Business Eye: Real leaders act... they don’t just think about it

Alex Pratt
Alex Pratt
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It was Shakespeare’s Malvolio in Twelfth Night who told us not to be afraid of greatness and that “some are born great, some achieve greatness and some have greatness thrust upon them”.

No matter the road taken to greatness it has always depended upon character, starting with a deep need to be enterprising.

An enterprising person has a strong propensity to do the desirable but unnecessary thing.

They act.

They don’t just think about acting. These guys will pick others’ rubbish up on the street, will rush to your aid if in trouble, and will see an opportunity or threat and do something about it rather than waste energy worrying.

We are all enterprising from time to time, but to become great you need to live there 24/7.

The other necessary key trait that we all also exhibit on occasion is leadership.

At different moments we will react, follow, or observe others but sometimes we will take the lead.

The Great have to be strong leaders but know when to observe and follow, and sense the difference between management and leadership.

Some not wired for leadership and who may be good managers still find their way into important leadership roles, but by occupying these seats, despite sometimes working very hard, they can badly damage the progress and prospects of so many others. When managers fill the shoes of leaders, the opportunity costs are immeasurable.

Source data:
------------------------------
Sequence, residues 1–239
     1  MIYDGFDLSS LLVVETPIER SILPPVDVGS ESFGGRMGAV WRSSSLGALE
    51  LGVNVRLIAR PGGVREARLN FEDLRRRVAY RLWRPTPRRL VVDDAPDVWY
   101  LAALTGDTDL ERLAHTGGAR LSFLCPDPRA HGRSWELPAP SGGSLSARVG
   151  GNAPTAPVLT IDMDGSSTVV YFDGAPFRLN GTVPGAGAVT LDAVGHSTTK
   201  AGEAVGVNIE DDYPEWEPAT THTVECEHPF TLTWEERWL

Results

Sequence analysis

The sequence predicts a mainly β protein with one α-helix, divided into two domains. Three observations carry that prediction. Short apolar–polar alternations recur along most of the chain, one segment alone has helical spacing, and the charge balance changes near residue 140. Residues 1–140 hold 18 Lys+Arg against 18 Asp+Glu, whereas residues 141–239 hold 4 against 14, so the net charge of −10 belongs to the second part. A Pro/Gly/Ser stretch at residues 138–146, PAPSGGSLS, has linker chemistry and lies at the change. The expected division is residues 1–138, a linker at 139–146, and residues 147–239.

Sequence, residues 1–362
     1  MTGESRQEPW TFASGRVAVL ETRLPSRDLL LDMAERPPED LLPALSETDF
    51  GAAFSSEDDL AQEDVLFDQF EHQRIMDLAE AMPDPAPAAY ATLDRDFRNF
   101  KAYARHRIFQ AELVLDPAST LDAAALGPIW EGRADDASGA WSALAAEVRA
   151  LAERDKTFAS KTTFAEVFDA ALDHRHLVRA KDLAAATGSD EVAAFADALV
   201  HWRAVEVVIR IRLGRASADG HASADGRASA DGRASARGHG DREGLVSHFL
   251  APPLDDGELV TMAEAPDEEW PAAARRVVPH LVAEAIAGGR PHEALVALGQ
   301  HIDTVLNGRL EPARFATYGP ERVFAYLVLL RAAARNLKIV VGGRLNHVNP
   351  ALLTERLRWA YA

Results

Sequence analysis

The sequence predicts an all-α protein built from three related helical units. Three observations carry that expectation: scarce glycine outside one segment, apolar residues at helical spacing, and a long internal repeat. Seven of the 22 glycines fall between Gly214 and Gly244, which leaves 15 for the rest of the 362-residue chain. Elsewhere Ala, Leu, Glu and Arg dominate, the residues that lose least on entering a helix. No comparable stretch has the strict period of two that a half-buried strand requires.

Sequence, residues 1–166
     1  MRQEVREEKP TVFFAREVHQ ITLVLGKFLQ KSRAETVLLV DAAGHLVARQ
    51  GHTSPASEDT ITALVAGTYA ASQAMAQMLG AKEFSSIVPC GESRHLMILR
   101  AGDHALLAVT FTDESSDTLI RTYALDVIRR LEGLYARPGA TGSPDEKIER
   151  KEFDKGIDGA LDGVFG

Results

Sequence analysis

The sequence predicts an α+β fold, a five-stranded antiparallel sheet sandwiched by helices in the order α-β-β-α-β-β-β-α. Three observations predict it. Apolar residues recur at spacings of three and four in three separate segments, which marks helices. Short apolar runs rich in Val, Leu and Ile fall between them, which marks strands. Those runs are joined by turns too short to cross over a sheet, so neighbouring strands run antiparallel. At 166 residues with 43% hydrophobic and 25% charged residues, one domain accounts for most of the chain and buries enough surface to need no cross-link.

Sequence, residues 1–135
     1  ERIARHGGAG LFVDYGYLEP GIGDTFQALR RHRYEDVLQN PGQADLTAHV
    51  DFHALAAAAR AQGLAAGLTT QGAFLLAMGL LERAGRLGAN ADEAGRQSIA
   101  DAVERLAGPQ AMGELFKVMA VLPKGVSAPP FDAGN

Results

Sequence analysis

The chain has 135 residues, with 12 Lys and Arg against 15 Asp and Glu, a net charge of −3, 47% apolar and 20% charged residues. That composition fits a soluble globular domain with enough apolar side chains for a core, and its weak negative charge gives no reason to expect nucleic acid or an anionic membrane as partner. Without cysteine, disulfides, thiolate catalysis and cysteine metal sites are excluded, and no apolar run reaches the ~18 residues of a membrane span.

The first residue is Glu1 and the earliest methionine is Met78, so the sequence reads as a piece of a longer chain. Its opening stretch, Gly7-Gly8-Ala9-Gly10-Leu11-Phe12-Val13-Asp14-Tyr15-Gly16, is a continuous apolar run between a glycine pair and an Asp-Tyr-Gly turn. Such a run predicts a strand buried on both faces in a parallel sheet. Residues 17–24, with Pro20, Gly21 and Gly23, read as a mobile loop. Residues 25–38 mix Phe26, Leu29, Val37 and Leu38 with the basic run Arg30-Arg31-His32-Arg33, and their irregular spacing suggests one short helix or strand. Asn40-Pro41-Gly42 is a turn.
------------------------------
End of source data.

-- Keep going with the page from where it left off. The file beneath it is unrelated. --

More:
It is a phenomenon we often see in politics because to get elected you need to be more popular than the competition, not necessarily more capable. Popularity is more about managing perceptions than it is about proving strong leadership capabilities under pressure.

These days, fewer and fewer of those standing for national election seem to have held or led anything in the real world.

It is perhaps why Messrs Cameron, Clegg and Miliband and politics as a whole are losing our respect.

Telling us what they think we want to hear is no substitute for what we need to understand.

A manager tends to focus on what we say we want, on being reasonable and efficient, and on keeping the maximum number of people happy.

They are about organising the status quo.

A leader will take others faster to where they don’t yet realise they need to go by asking the right tough questions, offering hope beyond the banal, and absorbing the inevitable objections and brickbats without losing momentum. They are about changing the status quo.